The Egyptian military judiciary on Sunday received 48 suspects for involvement in three deadly church bombings.
The suspects are believed to be members of the Daesh terrorist group, which is mostly active in Iraq and Syria.
Nabil Sadek, the Egyptian public prosecutor overseeing the case, said in a statement on Sunday that some of the suspects were Daesh ringleaders, who had formed terrorist cells in Cairo and the southern province of Qena to carry out the church attacks.
Churches belonging to Egypt’s minority Christian society have been under attack in recent months, with two deadly church bombings in Alexandria and Tanta taking more than 45 lives in April.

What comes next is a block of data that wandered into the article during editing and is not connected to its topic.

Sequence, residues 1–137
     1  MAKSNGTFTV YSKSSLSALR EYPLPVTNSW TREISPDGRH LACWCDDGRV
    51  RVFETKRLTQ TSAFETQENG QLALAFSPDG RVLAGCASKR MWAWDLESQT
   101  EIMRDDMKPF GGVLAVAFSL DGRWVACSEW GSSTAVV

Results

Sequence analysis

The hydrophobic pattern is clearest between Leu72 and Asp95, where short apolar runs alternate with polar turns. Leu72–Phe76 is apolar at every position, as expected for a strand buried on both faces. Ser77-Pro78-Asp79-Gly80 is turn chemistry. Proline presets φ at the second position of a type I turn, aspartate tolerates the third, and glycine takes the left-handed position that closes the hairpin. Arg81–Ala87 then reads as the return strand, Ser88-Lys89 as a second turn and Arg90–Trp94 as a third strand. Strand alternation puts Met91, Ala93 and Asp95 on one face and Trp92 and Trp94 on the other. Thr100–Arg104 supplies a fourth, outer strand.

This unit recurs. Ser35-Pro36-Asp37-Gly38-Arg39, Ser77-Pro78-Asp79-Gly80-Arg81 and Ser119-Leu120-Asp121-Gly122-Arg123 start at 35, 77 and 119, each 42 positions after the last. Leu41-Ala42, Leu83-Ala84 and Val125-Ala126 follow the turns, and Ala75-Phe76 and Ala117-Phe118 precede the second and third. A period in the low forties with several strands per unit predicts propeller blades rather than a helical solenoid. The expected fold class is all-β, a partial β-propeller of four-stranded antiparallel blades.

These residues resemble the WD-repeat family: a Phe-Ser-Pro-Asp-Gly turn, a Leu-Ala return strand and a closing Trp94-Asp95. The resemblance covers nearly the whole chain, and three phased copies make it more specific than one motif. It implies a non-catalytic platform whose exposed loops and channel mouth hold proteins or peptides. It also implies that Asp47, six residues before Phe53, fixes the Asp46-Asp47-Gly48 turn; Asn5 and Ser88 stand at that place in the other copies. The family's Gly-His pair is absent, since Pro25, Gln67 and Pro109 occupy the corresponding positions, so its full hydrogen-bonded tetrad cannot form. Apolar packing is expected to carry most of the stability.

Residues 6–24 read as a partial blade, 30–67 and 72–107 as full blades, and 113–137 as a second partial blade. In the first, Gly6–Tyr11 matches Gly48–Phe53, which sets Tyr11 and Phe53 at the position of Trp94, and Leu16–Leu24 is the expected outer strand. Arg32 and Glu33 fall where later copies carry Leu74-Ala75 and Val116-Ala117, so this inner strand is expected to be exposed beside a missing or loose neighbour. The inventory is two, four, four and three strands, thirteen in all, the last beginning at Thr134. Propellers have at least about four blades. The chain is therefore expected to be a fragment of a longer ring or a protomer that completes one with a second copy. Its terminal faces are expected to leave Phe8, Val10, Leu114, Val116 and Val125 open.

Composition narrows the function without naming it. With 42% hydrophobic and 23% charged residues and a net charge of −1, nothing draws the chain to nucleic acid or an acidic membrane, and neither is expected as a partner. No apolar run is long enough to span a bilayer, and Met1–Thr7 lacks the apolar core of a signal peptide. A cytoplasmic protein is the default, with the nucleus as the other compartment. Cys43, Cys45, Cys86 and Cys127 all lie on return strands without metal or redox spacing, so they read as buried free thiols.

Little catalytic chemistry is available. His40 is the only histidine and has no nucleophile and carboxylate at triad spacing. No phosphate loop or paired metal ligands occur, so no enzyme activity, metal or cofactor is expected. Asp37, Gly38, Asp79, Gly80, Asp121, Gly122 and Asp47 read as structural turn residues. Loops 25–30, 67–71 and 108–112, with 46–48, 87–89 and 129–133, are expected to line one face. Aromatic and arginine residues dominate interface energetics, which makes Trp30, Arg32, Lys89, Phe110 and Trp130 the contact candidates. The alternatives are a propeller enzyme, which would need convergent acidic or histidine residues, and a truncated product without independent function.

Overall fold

An earlier bombing at the Saint Peter and Saint Paul church in the heart of Cairo killed 29 people on December 11 last year.
Daesh claimed responsibility for all three of the attacks and threatened to carry out more attacks against Egypt’s Christians, who make up around 10 percent of the country’s population of about 90 million.
Following last month’s church attacks, Egypt’s Interior Ministry issued regular statements announcing the arrest of suspected Daesh militants linked to the bombings.
Egypt has faced attacks by Daesh in the recent past. Previously, however, Daesh operations had been mostly limited to attacks on security forces in the sparsely-populated Sinai Peninsula. Now, Daesh has widened its sphere of violence to include the mainland, increasingly targeting Christian civilians in recent months.